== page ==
• Shrinking Forest Cover: According to the National Forest Policy of India, the ideal percentage of total geographical area under forest should be at least 33% to maintain ecological stability.
    • However, it currently covers just 24.62.62 % of the country’s land and is shrinking rapidly.
  • Resource Access Conflict: There is often conflict between the interests of local communities and those of commercial interests, such as pharmaceutical industries or timber industries. This can lead to social tensions and even violence, as different groups struggle to access and use the resources of the forests.

What Should be the Way Forward?

  • Community Managed Forests: Developing a network of community-managed forests, where local communities are given the responsibility for protecting and managing their local forests.
    • This can help to empower local people and give them a stake in the conservation of their forests.
    • By engaging directly with communities, the informal forest economy can be transformed into business transactions that are fair and transparent and incentivise sustainable protection, management, and restoration of India’s forests.
  • Selective Logging and Reforestation: Promoting sustainable forestry practices, such as selective logging and reforestation, to ensure that forests are managed in a way that preserves their ecological value.
  • Leveraging Technology for Conservation: Technology can be utilised such as remote sensing and GIS, to monitor and track forest cover, forest fire and identify areas in need of protection.
    • Also, Potential resource mapping can be done in unexplored forest areas, and they can be brought under scientific management and sustainable resource extraction maintaining density and forest health
  • Dedicated Forest Corridors: For safe intrastate and interstate passage of wild animals and protecting their habitat from any external influence, Dedicated Forest Corridors can be maintained giving a message of peaceful-co existence.
  • Recognising Forest Based Products: Recognising the value of forest based products and if communities protect forests because they get better prices for Sal seeds, Mahua flowers, or Tendu leaves, they will protect them from fires as well as any other threats that come along. Carbon sequestration will be a side benefit.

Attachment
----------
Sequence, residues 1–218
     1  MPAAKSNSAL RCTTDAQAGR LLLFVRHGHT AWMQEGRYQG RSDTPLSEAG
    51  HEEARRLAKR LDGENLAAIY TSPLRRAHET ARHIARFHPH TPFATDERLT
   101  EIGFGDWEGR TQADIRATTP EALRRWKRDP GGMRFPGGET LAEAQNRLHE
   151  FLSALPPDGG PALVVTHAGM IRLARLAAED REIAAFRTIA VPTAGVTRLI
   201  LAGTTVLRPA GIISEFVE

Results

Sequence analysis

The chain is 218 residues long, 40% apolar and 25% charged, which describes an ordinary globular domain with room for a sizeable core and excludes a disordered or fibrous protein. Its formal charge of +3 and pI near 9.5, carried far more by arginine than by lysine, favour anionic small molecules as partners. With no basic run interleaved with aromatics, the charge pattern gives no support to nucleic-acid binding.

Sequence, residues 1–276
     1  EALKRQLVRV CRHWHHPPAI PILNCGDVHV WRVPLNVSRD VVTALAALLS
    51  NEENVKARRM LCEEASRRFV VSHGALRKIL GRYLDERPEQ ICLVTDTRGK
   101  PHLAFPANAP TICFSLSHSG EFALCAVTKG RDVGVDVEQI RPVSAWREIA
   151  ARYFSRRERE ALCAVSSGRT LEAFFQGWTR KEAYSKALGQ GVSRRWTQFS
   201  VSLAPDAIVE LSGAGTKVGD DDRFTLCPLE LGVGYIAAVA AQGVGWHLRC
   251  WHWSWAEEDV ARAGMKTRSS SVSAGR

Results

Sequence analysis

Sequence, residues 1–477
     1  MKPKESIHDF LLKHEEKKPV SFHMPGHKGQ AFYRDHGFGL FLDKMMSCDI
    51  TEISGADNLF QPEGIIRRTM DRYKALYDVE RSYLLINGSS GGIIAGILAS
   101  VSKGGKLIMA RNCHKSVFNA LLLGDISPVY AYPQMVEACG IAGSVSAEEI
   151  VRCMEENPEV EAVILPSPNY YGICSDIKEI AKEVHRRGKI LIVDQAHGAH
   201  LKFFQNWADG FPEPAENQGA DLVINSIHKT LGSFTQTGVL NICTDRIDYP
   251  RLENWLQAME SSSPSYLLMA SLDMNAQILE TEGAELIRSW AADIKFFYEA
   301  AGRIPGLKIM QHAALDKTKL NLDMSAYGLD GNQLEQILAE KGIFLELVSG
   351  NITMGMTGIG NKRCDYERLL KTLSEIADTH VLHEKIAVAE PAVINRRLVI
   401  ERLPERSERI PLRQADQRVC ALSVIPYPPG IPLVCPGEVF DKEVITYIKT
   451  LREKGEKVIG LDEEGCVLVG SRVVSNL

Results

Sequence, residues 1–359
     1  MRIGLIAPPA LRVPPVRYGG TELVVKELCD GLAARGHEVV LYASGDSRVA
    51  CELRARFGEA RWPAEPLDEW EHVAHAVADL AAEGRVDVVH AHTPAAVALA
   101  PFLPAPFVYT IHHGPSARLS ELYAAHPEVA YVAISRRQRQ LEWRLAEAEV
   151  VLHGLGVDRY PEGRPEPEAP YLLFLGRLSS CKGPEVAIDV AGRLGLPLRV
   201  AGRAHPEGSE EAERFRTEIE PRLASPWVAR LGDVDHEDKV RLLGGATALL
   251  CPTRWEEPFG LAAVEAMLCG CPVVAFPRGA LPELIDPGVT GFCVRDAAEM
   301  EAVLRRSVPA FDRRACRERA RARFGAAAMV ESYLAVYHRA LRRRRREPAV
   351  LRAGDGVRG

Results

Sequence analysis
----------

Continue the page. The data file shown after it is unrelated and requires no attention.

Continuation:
Drishti Mains Question

Discuss major challenges related to forests in India. Also, suggest innovative solutions to manage contemporary forest issues.

UPSC Civil Services Examination, Previous Year Question (PYQ)

Prelims

Q1. At the national level, which ministry is the nodal agency to ensure effective implementation of the Scheduled Tribes and Other Traditional Forest Dwellers (Recognition of Forest Rights) Act, 2006? (2021)

(a) Ministry of Environment, Forest and Climate Change
(b) Ministry of Panchayati Raj
(c) Ministry of Rural Development
(d) Ministry of Tribal Affairs

Ans-(d)

Q2. A particular State in India has the following characteristics: (2012)

  1. It is located on the same latitude which passes through northern Rajasthan.
  2. It has over 80% of its area under forest cover.
  3. Over 12% of forest cover constitutes the Protected Area Network in this State.

Which one among the following States has all the above characteristics?

(a) Arunachal Pradesh
(b) Assam 
(c) Himachal Pradesh
(d) Uttarakhand

Ans: (a)


Mains

Q. “The most significant achievement of modern law in India is the constitutionalization of environmental problems by the Supreme Court.” Discuss this statement with the help of relevant case laws. (2022)